The United Methodist Church, after significant collective soul-searching, has developed a list of markers for vital congregations.
1. People engaging in energetic, Spirit-filled worship
2. People professing faith in Christ
3. People growing in their faith (usually through small groups)
4. People engaged in mission
5. People supporting this mission financially.
This list captures essential practices, but it also makes me think of perhaps the deepest, most pressing, concern that haunted John Wesley: formal, conventional, outward religion. Every one of these markers can be quantified. They’re good markers, but the temptation to focus on what we can easily observe always lurks close by. If we see growing numbers, for example, we quickly assume that all the necessary inward work is happening and we can feel satisfaction. If we succumb, we will have missed the point.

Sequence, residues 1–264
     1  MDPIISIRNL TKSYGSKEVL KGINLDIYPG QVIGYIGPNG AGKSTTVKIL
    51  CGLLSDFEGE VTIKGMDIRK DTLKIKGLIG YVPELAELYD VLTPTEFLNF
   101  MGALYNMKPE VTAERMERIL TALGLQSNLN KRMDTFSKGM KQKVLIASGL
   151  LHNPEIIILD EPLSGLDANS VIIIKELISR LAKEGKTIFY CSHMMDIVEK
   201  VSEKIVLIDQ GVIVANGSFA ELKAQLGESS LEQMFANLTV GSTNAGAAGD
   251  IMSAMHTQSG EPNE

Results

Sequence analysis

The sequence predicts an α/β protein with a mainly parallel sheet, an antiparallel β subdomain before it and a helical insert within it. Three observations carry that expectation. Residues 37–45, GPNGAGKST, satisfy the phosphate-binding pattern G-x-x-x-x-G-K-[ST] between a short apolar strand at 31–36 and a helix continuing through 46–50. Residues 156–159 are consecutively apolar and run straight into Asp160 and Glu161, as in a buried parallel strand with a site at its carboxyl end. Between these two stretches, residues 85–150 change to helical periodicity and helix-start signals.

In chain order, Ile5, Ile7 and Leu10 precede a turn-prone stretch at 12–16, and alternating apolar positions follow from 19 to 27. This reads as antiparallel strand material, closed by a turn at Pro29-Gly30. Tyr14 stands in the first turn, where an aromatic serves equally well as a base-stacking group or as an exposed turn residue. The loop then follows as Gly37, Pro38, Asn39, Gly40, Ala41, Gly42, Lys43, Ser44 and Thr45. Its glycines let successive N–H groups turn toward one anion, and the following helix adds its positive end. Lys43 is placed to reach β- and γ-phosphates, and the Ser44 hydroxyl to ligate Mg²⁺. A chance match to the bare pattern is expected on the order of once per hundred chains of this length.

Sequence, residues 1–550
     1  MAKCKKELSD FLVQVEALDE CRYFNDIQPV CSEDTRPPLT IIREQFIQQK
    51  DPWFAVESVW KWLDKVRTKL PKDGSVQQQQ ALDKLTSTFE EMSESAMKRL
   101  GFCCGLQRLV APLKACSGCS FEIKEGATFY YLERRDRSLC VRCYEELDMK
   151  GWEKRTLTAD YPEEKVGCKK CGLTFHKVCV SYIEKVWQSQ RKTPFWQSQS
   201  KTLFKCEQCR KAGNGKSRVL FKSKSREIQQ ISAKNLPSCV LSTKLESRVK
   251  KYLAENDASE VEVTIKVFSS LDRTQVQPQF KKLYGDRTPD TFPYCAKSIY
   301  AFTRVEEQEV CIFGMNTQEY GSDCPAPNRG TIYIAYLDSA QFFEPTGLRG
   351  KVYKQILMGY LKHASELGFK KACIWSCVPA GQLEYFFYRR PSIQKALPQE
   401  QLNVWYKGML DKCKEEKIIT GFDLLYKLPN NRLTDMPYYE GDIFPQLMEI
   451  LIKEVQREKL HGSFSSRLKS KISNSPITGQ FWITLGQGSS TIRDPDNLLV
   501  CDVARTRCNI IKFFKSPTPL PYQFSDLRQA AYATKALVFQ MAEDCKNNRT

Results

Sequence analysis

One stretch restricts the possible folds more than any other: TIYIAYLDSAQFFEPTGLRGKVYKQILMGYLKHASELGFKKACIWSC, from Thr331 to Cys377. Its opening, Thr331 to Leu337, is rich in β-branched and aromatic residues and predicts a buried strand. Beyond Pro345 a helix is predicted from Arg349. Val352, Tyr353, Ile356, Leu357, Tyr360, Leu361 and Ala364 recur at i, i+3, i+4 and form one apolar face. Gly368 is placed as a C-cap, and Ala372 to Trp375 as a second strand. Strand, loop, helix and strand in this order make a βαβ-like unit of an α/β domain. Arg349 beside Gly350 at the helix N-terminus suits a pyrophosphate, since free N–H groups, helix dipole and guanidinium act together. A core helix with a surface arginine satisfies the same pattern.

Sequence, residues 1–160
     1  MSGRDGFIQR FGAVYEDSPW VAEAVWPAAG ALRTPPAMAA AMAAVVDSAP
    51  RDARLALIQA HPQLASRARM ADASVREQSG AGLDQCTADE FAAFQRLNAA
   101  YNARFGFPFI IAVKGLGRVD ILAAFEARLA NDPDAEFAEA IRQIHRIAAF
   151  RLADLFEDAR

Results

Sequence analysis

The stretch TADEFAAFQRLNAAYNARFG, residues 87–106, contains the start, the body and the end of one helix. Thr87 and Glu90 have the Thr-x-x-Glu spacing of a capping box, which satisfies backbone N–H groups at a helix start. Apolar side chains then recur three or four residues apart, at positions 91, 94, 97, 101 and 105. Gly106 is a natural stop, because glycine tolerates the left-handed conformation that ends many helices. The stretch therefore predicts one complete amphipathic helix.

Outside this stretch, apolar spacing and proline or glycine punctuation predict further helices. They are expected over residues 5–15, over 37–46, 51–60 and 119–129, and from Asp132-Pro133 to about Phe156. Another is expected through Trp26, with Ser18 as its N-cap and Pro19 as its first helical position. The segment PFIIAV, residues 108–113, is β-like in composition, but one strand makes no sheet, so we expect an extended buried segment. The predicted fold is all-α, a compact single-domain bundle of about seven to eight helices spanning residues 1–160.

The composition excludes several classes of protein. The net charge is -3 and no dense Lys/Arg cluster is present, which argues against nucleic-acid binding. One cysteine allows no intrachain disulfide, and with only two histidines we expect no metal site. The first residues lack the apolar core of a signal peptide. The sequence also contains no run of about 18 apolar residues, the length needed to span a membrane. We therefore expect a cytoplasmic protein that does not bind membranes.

In Discourse II on the Sermon on the Mount, Mr. Wesley offers this characteristic observation about conventional versus vital religion:
The religion of the world implies three things: (1.) The doing no harm, the abstaining from outward sin…(2.) The doing good, the relieving the poor; the being charitable, as it is called: (3.) The using the means of grace; at least the going to church and to the Lord’s Supper. He [sic] in whom these three marks are found is termed by the world a religious [read Christian] man. But will this satisfy him who hungers after God? No: It is not food for the soul.